The CO-Alert system is still active, but is being used slightly less frequently than in previous years, partly because of changes in certain states which mean COs are less likely to be imprisoned.

Israeli CO Tair Kaminer told us that receiving tens of messages whilst in prison was an enormous help in continuing through the cycle of imprisonment, release and repeated call up in Israel. We had distributed Tair's contact information in a CO Alert, which had prompted supporters to write to her.


Hannah Brock works four days a week on the Right to Refuse to Kill programme.

RRTK programme committee

The Right to Refuse to Kill programme committee continues to be in regular contact.

The RRTK committee currently consists of Merve Arkun (Vicdani Ret Derneği – the Association of Conscientious Objectors in Turkey), Rachel Brett (Quaker United Nations Office, Geneva), Igor Seke (from Serbia, now living in Mexico), with Sergeiy Sandler (New Profile, Israel) convening the committee, and Hannah Brock working on the RRTK programme.


We are grateful for the continued support of the Joseph Rowntree Charitable Trust. This year our grant was renewed, so we can expect funding for the programme from that trust until April 2020. We seek funding for specific projects on top of this main grant.



  • We continue to make contact with new conscientious objectors in different countries. Many of them find us, through our website or through word of mouth.

  • International CO day this year had more interest than in many years. It continues to be a useful day for campaigners to raise awareness of conscientious objection today.

  • Networking: we share information and contacts with other international groups supporting COs, including Forum 18, the Quaker United Nations Office, Connection e.V., and the European Bureau for Conscientious Objection, amongst others. In this way, we benefit from the work of expertise of others, and vice versa.


  • Interest in our public work, e.g. subscriptions to the CO Update and CO-Alerts, has remained at a similar level for a number of years. We hope that with improved social media reach, and through our new website, we will be able to get more people involved. This will make WRI's solidarity work for COs more effective.

  • With more capacity in the office, we could do more work to support COs! One full time role means that we are limited in the country movements we can work with and support we can give. This has been an ongoing challenge since the programme started.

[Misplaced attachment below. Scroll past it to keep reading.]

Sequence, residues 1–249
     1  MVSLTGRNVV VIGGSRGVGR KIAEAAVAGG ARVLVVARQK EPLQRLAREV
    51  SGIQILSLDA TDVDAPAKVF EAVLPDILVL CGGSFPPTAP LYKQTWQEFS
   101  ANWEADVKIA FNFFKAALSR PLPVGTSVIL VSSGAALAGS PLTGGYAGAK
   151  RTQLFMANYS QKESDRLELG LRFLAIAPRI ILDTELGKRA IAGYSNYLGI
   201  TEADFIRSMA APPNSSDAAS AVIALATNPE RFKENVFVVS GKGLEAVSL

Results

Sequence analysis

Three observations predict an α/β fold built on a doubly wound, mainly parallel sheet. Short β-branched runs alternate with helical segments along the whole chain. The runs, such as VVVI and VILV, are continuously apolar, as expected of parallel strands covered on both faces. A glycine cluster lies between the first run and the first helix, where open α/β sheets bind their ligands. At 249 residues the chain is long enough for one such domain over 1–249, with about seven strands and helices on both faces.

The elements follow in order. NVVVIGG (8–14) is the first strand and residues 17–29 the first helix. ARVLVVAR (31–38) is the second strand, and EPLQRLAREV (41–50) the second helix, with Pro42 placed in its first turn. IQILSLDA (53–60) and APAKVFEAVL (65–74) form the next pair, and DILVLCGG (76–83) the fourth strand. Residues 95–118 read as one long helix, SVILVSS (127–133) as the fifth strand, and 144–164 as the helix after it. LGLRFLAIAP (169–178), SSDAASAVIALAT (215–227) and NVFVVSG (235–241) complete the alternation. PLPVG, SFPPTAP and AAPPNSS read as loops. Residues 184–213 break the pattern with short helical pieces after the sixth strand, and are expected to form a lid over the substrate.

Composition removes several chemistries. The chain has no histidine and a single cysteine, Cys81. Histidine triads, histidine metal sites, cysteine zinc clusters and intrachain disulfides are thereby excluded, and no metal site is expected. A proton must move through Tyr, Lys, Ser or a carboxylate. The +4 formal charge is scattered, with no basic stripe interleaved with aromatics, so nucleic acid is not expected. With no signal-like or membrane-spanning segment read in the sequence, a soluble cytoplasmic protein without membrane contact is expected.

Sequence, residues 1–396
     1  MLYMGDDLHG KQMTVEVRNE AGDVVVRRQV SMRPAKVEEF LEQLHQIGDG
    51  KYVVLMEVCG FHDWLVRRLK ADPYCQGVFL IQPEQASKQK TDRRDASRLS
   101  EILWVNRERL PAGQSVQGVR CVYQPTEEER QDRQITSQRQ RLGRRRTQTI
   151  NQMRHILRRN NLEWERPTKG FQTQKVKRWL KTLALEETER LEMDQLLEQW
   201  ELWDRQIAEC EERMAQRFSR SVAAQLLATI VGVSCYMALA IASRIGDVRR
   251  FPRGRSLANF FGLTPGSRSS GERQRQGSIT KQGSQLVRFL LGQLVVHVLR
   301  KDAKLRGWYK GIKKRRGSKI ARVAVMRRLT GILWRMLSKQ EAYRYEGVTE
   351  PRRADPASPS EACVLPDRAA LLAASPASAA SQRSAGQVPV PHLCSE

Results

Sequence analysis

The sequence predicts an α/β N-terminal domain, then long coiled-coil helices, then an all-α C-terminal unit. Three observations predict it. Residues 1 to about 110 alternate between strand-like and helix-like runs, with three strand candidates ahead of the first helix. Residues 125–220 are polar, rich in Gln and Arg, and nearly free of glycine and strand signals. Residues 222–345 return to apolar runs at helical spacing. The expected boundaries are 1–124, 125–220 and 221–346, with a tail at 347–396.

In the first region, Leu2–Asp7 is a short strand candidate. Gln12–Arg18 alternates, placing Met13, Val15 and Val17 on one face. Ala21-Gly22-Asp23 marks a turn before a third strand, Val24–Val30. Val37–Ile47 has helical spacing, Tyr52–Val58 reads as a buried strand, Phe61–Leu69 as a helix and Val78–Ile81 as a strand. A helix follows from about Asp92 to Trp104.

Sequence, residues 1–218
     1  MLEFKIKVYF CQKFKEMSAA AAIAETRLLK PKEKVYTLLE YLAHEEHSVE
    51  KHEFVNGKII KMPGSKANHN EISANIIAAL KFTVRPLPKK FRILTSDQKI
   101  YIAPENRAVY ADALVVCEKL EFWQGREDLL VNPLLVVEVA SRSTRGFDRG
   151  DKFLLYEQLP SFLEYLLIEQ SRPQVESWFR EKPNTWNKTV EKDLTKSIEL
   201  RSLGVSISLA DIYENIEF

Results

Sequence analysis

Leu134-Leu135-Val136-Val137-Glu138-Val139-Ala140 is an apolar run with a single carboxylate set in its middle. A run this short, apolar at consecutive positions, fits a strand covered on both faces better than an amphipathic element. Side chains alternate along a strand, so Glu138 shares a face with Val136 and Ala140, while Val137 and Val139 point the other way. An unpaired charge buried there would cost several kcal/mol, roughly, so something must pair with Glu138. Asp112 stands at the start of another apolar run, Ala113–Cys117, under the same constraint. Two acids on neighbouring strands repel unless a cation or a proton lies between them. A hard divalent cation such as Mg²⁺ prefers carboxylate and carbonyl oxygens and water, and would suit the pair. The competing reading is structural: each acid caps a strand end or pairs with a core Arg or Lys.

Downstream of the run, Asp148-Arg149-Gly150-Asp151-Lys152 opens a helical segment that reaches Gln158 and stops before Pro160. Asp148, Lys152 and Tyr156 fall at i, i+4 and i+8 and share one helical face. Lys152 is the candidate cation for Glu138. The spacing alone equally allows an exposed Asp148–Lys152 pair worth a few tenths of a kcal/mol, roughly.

WRI in the regions

Pan African Nonviolence and Peacebuilding Network (PANPEN)

Over the past year, many PANPEN-related activities have taken place which involved one or more members of the Network while not necessarily being direct Network projects. The following is a brief review of such PANPEN-related projects which have involved PANPEN members and/or grown out of PANPEN discussions:

a. A new book, Satyagraha/Ujamma: Connecting Contemporary African-Asia Peacemaking and Nonviolence is due out in early 2017, edited by Matt Meyer and Gandhian scholar Vidya Jain and containing several essays by PANPEN and WRI members. Growing out of a PANPEN-supported conference of the Africa Peace Research and Education Association conference held in 2015 in Abuja, Nigeria, the new book features PANPEN members Yash Tandon (whose essay specifically focuses on the development of PANPEN and our Cape Town meetings), Moses Monday John (writing on developments in Southern Sudan), Ousseina Alidou (writing, with Matt Meyer, on revolution and nonviolence), Bernadette Muthien, Patrick Bond, Sixte Vigny Nimuraba, and a reprinting of the Eco-socialist Horizons call to action which was debuted and discussed in Cape Town at the WRI and PANPEN meetings. In addition, long-time WRI members and friends Michael Mazgoankar and Rajiv Vora are featured in the book, which contains an introductory poem by Dream-wolf which also served to introduce our Cape Town conference.

b. Matt Meyer continues to serve as a liaison with other African peace studies and peace research groups, especially in the orbit of the International Peace Research Association (IPRA). IPRA’s next major conference is being held in Freetown, Sierra Leone in late November 2016, under the leadership of PANPEN colleague and IPRA Secretary-General Ibrahim Seaga Shaw. One link in this network, which will be spotlighted in Sierra Leone but will also be useful in our future work, is with Cyril Obi, coordinator of the Africa Peacebuilding Network (APN) – founded approximately the same time as PANPEN and with more of an academic focus, funded as part of the US-based Social Science Research Council.